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A float plane crosses over the skyline of Yellowknife, Northwest Territories in this file photo. (JEFF MCINTOSH/Canadian Press)
A float plane crosses over the skyline of Yellowknife, Northwest Territories in this file photo. (JEFF MCINTOSH/Canadian Press)

Iristel to rival NorthwesTel with local phone service in Canada’s North Add to ...

Local telephone competition has arrived in Canada’s North.

Toronto-based telecom Iristel Inc. will announce Monday that it has launched a new local phone service that will vie with NorthwesTel Inc. for residential and business customers in northern markets including Yellowknife, Whitehorse and Inuvik.

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Iristel’s northern debut will mark the first time that residents living in the vast 867 area code will be able to switch local phone companies – a benefit that most Canadians have enjoyed for about 15 years.

Although the Canadian Radio-television and Telecommunications Commission introduced local telephone competition to most of Canada in 1997, it has been just over a year since it issued a groundbreaking decision that paved the way for new players to operate in the North. Until now, NorthwesTel, a wholly-owned subsidiary of BCE Inc., has been the only option for most people living across Yukon, the Northwest Territories and Nunavut.

Since competition bears the promise of lower prices and modern services, Iristel’s launch will be closely scrutinized. That’s because the CRTC has started a sweeping consultation to overhaul outdated communication services across Canada’s three territories, while also probing the future plans of NorthwesTel.

“Our network is fired up, connected to the south and ready to go for people in Canada’s North who are tired of high monopoly prices for landline phone service,” said Samer Bishay, chief executive officer of Iristel. “We’re offering more advanced services at lower prices than the incumbent phone company.”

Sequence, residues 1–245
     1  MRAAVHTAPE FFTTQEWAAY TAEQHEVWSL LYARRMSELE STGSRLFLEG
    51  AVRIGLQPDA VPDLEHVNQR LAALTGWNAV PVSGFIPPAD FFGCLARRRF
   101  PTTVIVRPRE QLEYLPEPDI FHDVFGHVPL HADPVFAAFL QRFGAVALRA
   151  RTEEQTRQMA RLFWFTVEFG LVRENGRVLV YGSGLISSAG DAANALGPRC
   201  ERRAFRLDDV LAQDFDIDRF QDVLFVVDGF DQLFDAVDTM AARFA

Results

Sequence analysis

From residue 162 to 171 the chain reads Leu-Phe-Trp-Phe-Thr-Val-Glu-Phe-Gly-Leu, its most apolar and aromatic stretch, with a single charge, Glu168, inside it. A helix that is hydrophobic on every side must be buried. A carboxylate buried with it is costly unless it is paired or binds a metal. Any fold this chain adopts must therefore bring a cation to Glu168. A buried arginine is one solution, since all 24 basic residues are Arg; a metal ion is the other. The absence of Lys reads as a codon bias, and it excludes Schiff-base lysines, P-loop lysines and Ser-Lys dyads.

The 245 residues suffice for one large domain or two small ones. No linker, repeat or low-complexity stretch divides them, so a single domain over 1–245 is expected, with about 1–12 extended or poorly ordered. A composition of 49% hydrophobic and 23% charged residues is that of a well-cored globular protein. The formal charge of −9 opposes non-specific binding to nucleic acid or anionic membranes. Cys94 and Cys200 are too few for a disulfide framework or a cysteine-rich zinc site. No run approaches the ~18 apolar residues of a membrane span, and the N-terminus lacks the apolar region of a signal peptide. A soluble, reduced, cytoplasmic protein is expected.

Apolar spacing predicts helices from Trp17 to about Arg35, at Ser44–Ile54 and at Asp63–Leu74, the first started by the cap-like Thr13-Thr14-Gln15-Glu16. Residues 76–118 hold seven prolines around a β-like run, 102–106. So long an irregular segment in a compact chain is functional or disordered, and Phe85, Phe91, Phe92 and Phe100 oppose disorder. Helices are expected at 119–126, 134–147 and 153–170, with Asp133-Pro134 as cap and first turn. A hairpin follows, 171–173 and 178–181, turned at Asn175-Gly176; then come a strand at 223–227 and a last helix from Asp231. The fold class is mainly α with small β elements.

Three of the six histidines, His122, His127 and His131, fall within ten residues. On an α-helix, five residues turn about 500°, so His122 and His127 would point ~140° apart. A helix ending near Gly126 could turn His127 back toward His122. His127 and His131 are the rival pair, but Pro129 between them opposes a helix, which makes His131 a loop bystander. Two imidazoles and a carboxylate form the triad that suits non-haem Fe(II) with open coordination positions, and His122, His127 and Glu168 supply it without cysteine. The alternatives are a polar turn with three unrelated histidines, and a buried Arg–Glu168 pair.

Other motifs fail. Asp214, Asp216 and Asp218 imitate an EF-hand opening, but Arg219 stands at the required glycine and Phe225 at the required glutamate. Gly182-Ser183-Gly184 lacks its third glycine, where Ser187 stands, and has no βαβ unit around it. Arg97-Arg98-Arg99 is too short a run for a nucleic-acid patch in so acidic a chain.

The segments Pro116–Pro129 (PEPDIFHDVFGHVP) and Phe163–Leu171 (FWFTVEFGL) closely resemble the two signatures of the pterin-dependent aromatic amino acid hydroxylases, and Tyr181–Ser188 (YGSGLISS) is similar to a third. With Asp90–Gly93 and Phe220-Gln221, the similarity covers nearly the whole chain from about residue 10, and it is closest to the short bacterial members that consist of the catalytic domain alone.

Customers who make the switch can keep their phone numbers, he said. But since Iristel is a voice over Internet protocol (VoIP) service provider, customers will also have the option of taking a phone number from any other area code in Canada, he added.

For instance, if a Yellowknife resident has family living in Toronto, she has the option of taking a 416 number. That would allow her Toronto-based relatives to call her for free. Her outgoing calls to Toronto, though, could still be subject to additional charges, he said.

Iristel has about 4 million assigned residential and business telephone numbers on its VoIP network, which already operates in all 10 provinces. It has also teamed up with sister company Ice Wireless to roll out third-generation cellular services across the North.

As part of its announcement on Monday, Iristel said it plans to offer more “advanced Internet-based services” in smaller communities in 2013.

Both companies plan to participate in the CRTC’s consultation on NorthwesTel and northern communication services. Public hearings will be held on June 17, 2013, in Inuvik, and June 19, 2013, in Whitehorse.

For its part, NorthwesTel has said it is revising its modernization plan and will file it with the CRTC by Jan. 16. “Northwestel is proud of its long history of providing state-of-the-art communications services to Northerners across some of the most challenging terrain in the world, and we encourage Northerners to participate in the CRTC consultations,” a spokeswoman said earlier this month.

Mr. Bishay’s message to the CRTC will highlight some of the challenges that Iristel has encountered since first publicizing its plans to enter the northern market last May.

“The infrastructure is old,” said Mr. Bishay. “Some of the switches that NorthwesTel has are not able to interconnect with other competitors … So, how are we able to bring innovation and more economic opportunities to the North if no one is able to compete up there because of antiquated infrastructure?”

 

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